By Adam Colorado
In a hybridization of human rights law and intellectual property, Professor Molly Land’s research sheds light on the technologies that can provide mechanisms for the promotion and protection of human rights.
Among Land’s current research projects is a concept known as the right to be forgotten. This term is used to describe the right of people to be free from present or future harm that could result from past personal history, accessed through online search engines for example. In other words, the question presented is whether a person should be free to live his or her current life without having their past held against them. “That I have a privacy or dignitary right to be able to control the information or picture of me they see on the internet,” explained Land.
This concept “raises the larger questions about, should we think about privacy in that way?,” said Land.
In one example, Land noted that the European Court of Justice found that the petitioner had the right to ask Google to de-index certain information that was no longer relevant to whom the petitioner was as a person today.
The case raised concerns about the burden on search engines to remove that type of content; Google has received many requests to remove similar content that people do not like or do not want posted. Land also noted there was a concern with accountability because there would be private companies making decisions about free speech.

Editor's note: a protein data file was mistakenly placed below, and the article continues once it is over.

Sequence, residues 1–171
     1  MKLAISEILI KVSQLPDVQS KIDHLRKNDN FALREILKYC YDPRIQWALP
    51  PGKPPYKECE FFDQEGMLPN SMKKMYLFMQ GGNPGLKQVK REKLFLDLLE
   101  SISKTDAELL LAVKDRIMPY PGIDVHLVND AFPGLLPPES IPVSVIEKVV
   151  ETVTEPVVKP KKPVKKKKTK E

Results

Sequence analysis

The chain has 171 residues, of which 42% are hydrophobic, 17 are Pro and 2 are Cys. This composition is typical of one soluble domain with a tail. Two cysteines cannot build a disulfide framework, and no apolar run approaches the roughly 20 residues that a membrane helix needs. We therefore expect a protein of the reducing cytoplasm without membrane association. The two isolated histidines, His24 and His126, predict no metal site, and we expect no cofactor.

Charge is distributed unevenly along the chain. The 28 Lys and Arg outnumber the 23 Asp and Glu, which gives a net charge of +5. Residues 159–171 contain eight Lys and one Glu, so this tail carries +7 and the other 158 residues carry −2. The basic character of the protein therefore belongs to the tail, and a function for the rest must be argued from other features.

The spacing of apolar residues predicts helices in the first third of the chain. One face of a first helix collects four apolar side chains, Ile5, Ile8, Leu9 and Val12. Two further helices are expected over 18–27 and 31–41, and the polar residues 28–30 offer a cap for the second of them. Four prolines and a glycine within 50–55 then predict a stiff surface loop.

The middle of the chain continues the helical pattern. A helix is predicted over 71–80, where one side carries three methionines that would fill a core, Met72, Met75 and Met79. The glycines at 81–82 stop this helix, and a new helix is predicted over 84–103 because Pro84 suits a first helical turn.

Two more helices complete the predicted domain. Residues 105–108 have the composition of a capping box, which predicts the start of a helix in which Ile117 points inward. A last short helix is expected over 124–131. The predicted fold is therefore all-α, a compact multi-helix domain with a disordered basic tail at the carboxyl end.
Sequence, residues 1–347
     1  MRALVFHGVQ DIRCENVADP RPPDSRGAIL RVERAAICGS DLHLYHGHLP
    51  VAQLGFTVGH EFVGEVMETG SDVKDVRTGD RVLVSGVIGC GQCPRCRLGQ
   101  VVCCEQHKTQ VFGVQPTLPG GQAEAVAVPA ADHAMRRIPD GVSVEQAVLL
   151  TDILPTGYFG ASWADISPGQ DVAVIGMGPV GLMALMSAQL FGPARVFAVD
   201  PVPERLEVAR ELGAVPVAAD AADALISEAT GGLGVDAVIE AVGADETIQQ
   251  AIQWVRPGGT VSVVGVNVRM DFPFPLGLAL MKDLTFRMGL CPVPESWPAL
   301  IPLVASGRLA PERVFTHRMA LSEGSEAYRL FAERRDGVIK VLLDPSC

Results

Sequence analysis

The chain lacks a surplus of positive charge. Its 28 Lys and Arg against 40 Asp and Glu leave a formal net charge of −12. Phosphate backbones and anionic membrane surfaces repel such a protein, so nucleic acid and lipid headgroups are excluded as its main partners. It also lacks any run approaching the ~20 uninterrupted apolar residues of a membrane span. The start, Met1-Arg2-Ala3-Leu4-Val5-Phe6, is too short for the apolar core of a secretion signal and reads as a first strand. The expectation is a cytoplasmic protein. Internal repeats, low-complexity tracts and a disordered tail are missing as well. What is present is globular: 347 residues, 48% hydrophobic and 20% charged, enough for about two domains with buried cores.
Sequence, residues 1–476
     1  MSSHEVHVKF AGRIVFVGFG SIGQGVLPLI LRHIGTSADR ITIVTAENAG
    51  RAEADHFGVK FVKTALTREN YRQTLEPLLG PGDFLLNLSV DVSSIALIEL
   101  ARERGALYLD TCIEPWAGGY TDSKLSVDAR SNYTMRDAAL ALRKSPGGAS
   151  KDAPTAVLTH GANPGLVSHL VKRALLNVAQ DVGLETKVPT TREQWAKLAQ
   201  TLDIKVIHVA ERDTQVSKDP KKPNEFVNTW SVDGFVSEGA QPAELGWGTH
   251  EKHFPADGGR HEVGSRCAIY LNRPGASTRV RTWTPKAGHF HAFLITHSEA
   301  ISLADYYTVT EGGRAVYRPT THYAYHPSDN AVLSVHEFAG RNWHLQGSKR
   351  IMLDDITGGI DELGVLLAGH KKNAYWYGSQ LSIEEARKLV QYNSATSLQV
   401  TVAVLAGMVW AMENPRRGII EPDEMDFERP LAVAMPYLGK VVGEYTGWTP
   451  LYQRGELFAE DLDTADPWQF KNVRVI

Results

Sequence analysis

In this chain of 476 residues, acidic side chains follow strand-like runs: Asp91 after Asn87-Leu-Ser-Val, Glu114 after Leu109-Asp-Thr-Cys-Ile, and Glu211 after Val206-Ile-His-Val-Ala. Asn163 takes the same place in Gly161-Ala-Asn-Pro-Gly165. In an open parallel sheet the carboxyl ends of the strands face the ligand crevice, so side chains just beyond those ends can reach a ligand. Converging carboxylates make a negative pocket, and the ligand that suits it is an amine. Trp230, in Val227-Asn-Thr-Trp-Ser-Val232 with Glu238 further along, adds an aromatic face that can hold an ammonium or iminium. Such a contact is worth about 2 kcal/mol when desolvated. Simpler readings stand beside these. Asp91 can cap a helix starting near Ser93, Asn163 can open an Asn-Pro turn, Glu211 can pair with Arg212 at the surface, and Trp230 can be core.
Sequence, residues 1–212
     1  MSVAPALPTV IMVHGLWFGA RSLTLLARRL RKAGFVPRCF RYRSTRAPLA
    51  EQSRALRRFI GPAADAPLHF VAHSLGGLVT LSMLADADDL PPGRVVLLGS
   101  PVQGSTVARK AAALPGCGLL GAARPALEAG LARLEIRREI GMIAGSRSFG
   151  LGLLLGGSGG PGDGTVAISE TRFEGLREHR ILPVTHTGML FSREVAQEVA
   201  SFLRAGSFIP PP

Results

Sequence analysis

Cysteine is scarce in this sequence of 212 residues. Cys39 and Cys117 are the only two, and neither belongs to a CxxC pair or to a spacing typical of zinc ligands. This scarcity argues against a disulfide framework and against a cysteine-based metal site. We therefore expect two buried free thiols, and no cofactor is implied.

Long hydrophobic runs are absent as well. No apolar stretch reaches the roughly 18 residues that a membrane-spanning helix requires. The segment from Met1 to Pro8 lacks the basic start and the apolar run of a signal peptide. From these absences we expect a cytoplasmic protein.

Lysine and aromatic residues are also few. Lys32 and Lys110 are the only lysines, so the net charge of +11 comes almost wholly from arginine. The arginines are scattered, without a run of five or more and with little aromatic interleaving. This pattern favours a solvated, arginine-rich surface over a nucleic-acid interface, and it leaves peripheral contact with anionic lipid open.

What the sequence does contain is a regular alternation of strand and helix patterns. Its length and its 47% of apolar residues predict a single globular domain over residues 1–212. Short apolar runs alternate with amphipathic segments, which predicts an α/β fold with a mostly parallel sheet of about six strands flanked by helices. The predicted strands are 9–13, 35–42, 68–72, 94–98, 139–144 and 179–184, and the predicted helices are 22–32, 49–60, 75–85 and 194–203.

While this issue is the immediate focus of Land’s research, she has previously studied other matters regarding the intersection of technology and human rights. This fusion of technology and human rights stems from Land’s own background; she formerly worked in IP litigation, but was trained as human rights lawyer. Land found a way to unite these distinct areas and carve out a specialty within human rights law.
“People are experimenting with all sorts of different technologies to document human rights violations”, stated Land. This has included research on the use of GPS devices to map terrain that would protect economic, cultural and social rights including the right to water.
Additionally, a smart phone app with a “panic button” was developed with the idea that, when activated, it would send a rapid message reporting a human rights violation, such as in cases of detention.
Land notes that there is a crucial 48-hour timeframe after the initial detention, where it is most vital to respond. These types of technologies would allow for rapid responses that allow for more openness, and importantly, more local information. The disadvantages would be that there are security concerns with using these devices in particular geographic locations.
“Even in the US we should have technology that protects our rights, rather than makes it easier for the government for violate our rights,” said Land.